First IP-Based Standard for Digital TV Could Change the Face of Broadcasting

ATSC 3.0 promises immersive audio, interactivity, and hyperlocal emergency alerts

16 March 2018

Instead of rushing home to catch the finale of your favorite cable TV show, you soon might be able to tune in on your laptop, tablet, or smartphone. Thanks to a new suite of standards, broadcasters will be able to provide customers with access to live programming anytime and anywhere, and on multiple devices. They will also offer interactivity as well as better sound and picture quality.

These are some of the features made possible by ATSC 3.0, a suite of standards for digital terrestrial broadcasting, authorized for the United States in November by the Federal Communications Commission. The suite incorporates the first IP-based broadcast standard, allowing broadcasting companies to simultaneously transmit content over the airwaves and the Internet.

ATSC stands for Advanced Television Systems Committee, a nonprofit in Washington, D.C., that develops voluntary technical standards for digital television.

“When we started developing these standards, we decided to start from scratch instead of simply adding on to the previous version,” says IEEE Senior Member Mark Richer, president of the ATSC. “The result is 20 standards that incorporate several new technologies. These standards are flexible enough to accommodate applications that haven’t even been developed yet.”

South Korea has already adopted the standards, taking advantage of many of their features during this year’s Winter Olympics in Pyeongchang, where there are already ATSC 3.0–compatible televisions and receivers. In the United States, televisions do not yet comply with ATSC 3.0, but converters—gateway devices that can be incorporated in existing home-entertainment systems to receive ATSC 3.0 broadcasts—are expected to be available soon.


ATSC 3.0 offers broadcasters the sort of flexibility that viewers have grown accustomed to with streaming services including Amazon Prime and Netflix. Soon, for example, viewers will be able to catch a major sports event by tuning in on their tablet while, say, traveling on a train.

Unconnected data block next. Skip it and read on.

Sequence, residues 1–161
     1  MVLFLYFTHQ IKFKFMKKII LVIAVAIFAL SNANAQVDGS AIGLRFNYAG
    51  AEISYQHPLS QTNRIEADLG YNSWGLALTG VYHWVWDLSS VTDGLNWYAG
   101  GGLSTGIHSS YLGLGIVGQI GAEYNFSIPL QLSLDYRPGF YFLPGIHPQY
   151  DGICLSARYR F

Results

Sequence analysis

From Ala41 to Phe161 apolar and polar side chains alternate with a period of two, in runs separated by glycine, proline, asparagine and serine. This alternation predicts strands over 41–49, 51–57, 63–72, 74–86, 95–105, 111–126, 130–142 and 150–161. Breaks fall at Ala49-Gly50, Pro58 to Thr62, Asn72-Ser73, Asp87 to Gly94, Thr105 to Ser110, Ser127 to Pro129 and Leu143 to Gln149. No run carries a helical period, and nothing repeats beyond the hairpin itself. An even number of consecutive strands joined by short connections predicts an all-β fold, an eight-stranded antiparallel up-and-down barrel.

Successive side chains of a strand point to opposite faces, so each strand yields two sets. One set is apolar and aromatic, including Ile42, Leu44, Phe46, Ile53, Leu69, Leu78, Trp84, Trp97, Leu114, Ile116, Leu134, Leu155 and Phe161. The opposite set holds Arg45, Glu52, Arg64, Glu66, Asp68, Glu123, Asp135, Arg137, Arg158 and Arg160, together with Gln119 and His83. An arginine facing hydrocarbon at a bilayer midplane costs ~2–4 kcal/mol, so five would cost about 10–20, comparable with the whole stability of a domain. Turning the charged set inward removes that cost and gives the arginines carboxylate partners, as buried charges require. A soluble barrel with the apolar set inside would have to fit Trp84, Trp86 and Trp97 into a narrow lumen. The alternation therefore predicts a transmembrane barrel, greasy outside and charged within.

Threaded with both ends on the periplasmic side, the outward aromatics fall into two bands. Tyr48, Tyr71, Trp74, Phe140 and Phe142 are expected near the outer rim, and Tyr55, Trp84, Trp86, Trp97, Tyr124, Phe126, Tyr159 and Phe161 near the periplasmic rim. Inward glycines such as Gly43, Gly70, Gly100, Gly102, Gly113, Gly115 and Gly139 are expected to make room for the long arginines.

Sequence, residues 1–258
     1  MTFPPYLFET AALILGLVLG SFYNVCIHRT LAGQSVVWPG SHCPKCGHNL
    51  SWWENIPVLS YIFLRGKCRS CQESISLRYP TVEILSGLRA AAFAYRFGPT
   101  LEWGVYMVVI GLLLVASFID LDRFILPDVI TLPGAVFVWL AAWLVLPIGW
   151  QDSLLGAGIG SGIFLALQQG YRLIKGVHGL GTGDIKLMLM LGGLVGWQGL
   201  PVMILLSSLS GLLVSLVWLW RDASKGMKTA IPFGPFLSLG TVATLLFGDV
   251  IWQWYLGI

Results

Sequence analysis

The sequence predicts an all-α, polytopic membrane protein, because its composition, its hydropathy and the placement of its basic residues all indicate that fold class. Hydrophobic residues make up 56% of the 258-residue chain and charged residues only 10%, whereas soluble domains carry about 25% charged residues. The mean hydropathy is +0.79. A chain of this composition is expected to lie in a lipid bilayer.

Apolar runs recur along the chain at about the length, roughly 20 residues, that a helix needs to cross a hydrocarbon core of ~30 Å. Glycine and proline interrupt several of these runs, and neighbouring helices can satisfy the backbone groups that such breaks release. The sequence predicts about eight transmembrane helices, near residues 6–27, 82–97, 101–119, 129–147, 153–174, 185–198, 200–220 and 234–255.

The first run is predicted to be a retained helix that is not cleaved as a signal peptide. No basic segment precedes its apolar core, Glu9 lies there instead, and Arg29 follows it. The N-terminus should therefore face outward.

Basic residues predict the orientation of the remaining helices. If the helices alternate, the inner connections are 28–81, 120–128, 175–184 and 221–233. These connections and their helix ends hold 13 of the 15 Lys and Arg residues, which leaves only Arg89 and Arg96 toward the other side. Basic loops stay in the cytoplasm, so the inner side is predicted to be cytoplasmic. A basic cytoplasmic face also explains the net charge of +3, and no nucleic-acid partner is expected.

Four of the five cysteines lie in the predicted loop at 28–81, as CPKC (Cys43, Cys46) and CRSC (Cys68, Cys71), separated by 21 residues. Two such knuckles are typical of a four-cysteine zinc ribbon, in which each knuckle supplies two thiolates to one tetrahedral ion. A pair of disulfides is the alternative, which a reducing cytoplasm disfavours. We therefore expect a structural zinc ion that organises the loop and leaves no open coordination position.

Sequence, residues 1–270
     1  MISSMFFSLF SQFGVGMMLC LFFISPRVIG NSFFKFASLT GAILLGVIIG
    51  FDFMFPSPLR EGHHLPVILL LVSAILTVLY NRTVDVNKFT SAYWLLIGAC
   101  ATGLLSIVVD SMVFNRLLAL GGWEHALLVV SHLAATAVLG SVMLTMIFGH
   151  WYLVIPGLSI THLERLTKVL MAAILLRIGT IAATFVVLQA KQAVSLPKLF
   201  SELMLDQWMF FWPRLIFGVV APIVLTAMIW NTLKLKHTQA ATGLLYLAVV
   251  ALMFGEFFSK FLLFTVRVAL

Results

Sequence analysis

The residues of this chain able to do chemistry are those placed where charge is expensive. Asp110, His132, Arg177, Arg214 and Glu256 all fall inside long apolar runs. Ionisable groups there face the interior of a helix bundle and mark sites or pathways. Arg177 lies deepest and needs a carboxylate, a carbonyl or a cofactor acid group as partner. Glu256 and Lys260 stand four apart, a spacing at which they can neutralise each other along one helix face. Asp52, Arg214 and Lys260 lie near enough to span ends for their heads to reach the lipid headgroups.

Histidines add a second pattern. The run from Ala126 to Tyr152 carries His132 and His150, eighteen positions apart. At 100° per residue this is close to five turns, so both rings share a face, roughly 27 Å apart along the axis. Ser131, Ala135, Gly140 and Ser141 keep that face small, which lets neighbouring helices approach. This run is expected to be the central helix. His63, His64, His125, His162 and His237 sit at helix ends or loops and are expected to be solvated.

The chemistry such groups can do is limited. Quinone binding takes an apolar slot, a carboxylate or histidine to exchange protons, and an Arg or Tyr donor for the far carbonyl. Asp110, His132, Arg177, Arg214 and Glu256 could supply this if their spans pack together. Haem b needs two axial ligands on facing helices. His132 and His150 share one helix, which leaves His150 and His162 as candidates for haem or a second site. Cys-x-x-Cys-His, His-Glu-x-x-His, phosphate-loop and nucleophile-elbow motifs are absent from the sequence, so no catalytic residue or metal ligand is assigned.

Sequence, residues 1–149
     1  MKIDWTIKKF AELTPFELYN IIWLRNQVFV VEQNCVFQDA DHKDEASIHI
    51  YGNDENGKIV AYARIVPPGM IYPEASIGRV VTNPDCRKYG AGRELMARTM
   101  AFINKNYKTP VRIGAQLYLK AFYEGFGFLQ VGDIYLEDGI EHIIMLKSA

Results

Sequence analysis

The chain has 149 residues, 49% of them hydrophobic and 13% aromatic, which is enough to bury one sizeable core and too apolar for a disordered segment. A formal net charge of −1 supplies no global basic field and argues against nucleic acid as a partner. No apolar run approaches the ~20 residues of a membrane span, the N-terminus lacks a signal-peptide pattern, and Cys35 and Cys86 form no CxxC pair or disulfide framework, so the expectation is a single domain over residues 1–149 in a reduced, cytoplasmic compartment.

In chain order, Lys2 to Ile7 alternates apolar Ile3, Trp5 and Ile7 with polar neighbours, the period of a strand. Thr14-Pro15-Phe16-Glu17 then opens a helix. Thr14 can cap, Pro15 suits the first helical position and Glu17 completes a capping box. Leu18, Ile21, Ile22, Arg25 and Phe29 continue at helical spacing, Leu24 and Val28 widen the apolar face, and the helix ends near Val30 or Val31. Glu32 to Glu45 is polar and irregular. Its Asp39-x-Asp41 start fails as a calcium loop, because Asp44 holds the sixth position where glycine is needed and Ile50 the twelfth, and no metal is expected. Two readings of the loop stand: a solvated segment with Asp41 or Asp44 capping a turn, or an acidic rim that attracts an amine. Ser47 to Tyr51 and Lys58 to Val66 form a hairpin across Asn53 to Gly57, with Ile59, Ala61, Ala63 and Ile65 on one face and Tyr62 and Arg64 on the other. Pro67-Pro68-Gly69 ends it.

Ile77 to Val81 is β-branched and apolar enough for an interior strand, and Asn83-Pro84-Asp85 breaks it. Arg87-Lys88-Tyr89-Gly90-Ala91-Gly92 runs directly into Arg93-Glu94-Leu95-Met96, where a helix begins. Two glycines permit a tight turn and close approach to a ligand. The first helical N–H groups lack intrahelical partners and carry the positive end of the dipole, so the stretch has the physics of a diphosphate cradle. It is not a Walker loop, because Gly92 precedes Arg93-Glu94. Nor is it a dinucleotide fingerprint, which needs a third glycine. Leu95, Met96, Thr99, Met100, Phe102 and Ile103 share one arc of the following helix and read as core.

Because the standard is IP-based, broadcasters could offer apps to go along with TV shows, making the experience more interactive. Certain programs might come with an app that launches a trivia game about characters in a sitcom, for example, or provides in-depth information about the subject of a documentary.

IEEE Fellow Rich Chernock, chair of the ATSC’s Technology Standards Group, TG3, notes that the standards expand the potential for hyperlocal advertising. Broadcasters could deliver commercials about stores and events in viewers’ immediate area if the viewers allow the broadcaster to detect their location.

Having access to viewers’ location also would allow broadcasters to issue an emergency alert for a small area, says IEEE Life Fellow James O’Neal, editor of IEEE Broadcast Technology. He is a member of The Institute’s editorial advisory board.

“Let’s say you’re at home during a severe storm and a tornado is about to touch down near your neighborhood,” O’Neal says. “Your ATSC 3.0 television would automatically ‘wake up’ and play an audio alert and show a map detailing the areas in the tornado’s path and let you know what to do next.”


TV picture and sound quality has advanced by leaps and bounds in the past decade. Until ATSC 3.0, however, broadcasters have been unable to transmit programs that take advantage of all the advances.

Many modern televisions have a high dynamic range (HDR), which extends the number of shades of black, white, and gray that can be transmitted and displayed, as well as improves the contrast ratio (how bright or dark the images can appear), according to CNET. HDR also offers extended colors, allowing a much broader palette to be transmitted.

Until the ATSC 3.0 standards were approved, companies were unable to broadcast in HDR.

ATSC 3.0 also will let broadcasters offer immersive audio—another feature that can make content seem truer to life. “If you have a surround-sound system, and you’re watching a live broadcast of a fireworks display, the sound of the fireworks will emanate from above the TV,” O’Neal says.

“It’s a vast improvement over traditional channel-based audio, in which sound is directed at different quadrants of the room,” Chernock says. “Now you can have object-based audio, in which sound comes from different elements on the screen. For example, if you’re watching a football game, you can choose to listen to either the announcer from the home team or the away team—or you can tune them out entirely and just listen to the sound of the crowd.”


Chernock, Richer, and O’Neal agree that it will take time for TV manufacturers to catch up with the new standards, especially because they’re voluntary. That is in contrast to the 2009 transition from analog to digital television—in which U.S. broadcasters were ordered to stop transmitting analog signals by a specific date.

“Once U.S. broadcasters begin putting ATSC 3.0–compatible programming on the air and show what it can do, the consumer electronics industry will soon follow,” Chernock says. This year more than two dozen U.S. broadcast companies plan to test ATSC 3.0–compatible content. Companies in Canada and Mexico are also getting on board, Chernock says.

“By next year’s CES, I think we’ll start to see numerous ATSC 3.0 TVs and receivers on the showroom floor,” Richer predicts.

In the meantime, the ATSC, IEEE, and other organizations are working to educate consumers and broadcasters about the standards. IEEE Educational Activities, for example, is partnering with the Society of Motion Picture and Television Engineers on a series of online courses. They’re scheduled to start in June.

This article is part of our March 2018 special issue on the future of television.

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